A gas giant is a large type of planet, which is not primarily composed of rock or any other solid matter. In the Solar System, there are four Gas giants: Jupiter, Saturn, Uranus, and Neptune. However, Uranus and Neptune are mostly composed of ice rather then liquid matter due to their distance from the Sun, so these planets are sometimes classified as an 'Ice giant'. There have been many extrasolar gas giants orbiting around other stars.
Planets above 10 Earth masses are termed 'giant planets', however lower-mass gassy planets are sometimes called "gas dwarfs".
Objects large enough to start deuterium fusion (above 13 Jupiter masses for solar composition) are called brown dwarfs, and these occupy the mass range between that of large gas giants and the lowest-mass stars.
A "gas giant" is a massive planet with a thick atmosphere of hydrogen and helium and have no solid surface. However, gas giants may have a dense molten core of rocky elements, or the core may have completely dissolved and dispersed throughout the planet if the planet is hot enough. The hydrogen and helium in "traditional" gas giants like Jupiter and Saturn constitutes most of the planet, whereas the hydrogen/helium only makes up an outer envelope on Uranus and Neptune which are sometimes called ice giants, as they are mostly composed of water, ammonia, and methane molten ices.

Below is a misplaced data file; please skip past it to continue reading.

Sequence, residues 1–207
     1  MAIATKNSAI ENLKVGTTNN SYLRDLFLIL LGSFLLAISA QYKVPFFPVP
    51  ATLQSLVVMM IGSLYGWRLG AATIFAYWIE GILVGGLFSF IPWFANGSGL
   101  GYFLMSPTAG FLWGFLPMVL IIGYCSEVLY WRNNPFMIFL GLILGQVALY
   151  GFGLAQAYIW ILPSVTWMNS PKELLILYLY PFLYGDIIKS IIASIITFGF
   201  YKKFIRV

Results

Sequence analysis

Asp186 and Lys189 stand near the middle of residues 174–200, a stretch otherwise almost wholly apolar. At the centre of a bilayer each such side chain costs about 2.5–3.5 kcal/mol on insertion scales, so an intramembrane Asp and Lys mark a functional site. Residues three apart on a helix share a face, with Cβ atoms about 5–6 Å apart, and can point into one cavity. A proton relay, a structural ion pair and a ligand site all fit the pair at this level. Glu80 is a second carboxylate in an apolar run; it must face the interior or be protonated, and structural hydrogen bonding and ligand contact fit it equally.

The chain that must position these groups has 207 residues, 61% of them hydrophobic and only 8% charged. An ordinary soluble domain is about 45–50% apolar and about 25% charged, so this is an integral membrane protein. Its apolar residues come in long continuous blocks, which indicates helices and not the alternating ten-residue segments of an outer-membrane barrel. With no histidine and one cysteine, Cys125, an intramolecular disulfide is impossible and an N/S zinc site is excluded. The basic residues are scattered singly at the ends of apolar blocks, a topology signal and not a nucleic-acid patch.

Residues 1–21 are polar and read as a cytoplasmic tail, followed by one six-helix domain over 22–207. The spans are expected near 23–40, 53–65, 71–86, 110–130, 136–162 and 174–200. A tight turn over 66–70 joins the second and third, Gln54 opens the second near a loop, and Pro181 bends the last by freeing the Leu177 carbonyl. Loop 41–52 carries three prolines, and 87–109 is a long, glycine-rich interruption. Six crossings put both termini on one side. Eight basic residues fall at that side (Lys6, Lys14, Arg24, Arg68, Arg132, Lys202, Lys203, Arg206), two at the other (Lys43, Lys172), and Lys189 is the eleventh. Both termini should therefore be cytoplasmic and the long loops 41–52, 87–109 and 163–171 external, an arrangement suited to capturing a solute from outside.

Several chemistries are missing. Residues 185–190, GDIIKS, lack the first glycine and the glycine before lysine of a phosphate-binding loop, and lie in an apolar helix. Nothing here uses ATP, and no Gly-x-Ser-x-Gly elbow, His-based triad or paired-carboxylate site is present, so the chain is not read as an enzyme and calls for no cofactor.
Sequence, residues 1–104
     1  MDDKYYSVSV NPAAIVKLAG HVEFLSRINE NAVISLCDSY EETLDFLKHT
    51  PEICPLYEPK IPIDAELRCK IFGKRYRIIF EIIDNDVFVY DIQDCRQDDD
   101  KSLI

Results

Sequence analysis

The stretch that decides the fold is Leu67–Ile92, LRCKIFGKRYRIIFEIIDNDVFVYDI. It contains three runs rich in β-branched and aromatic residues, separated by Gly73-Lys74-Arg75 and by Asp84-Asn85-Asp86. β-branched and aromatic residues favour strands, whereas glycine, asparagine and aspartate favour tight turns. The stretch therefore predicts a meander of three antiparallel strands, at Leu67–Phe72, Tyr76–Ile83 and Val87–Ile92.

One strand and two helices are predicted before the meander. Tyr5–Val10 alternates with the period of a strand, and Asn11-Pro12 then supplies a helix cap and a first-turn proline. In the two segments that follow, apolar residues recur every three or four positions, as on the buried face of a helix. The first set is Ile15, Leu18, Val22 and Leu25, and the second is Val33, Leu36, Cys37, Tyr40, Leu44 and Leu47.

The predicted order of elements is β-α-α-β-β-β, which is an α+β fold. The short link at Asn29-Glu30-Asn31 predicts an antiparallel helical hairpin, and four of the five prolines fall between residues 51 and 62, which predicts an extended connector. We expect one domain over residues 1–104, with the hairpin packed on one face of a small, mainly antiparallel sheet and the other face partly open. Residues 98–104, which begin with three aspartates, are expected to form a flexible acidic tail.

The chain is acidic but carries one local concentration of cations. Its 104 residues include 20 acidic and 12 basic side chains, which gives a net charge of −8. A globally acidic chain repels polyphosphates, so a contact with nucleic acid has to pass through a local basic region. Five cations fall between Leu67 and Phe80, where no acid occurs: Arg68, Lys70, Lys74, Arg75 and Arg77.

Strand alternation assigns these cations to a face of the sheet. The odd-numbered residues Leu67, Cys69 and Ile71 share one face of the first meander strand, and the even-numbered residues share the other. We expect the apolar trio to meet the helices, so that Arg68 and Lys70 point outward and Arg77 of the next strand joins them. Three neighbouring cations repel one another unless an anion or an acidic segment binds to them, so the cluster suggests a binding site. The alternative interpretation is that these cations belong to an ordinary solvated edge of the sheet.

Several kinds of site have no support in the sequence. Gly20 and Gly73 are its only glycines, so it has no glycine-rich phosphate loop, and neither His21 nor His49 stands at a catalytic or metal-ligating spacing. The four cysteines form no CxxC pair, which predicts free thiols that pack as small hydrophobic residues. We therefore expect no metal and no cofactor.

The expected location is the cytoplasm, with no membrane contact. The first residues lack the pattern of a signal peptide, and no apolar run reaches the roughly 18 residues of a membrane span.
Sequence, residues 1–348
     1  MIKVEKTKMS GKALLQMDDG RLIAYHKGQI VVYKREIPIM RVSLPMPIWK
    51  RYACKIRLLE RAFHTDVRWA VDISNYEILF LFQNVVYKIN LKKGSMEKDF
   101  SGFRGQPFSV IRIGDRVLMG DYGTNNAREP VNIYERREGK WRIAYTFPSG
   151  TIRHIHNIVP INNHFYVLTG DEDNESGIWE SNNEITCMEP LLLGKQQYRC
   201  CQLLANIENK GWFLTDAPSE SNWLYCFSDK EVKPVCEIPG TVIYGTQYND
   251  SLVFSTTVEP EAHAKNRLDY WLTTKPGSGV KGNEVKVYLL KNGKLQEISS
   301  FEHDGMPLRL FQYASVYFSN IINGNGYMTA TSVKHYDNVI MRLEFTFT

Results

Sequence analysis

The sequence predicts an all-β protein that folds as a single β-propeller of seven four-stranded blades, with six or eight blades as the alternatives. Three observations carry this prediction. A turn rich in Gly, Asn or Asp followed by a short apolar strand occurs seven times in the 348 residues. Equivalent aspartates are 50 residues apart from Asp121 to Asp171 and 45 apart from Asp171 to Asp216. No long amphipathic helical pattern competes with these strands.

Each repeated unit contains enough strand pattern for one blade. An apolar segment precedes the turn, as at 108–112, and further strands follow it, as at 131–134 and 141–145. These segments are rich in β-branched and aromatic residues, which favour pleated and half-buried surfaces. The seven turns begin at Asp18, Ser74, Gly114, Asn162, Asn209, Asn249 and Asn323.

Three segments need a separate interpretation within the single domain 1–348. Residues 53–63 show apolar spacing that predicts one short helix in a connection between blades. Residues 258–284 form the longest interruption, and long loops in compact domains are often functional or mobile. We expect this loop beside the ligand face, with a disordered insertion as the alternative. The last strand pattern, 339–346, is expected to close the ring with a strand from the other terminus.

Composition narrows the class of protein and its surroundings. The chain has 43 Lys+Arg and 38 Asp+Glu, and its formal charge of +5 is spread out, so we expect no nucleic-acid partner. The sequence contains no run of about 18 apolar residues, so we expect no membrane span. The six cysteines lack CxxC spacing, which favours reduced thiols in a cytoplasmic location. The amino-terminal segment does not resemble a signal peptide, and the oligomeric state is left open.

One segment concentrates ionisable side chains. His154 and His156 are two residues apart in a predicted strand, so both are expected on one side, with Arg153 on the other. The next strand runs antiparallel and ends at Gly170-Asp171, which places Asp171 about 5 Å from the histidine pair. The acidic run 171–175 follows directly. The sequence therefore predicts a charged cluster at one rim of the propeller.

Hot Jupiters are currently the most common form of extrasolar planet known, perhaps due to the relative ease of detecting them.
Gas giants are commonly said to lack solid surfaces, but it is closer to the truth to say that they lack surfaces altogether since the gases that make them up simply become thinner and thinner with increasing distance from the planets' centers, eventually becoming indistinguishable from the interplanetary medium. Therefore landing on a gas giant may or may not be possible, depending on the size and composition of its core.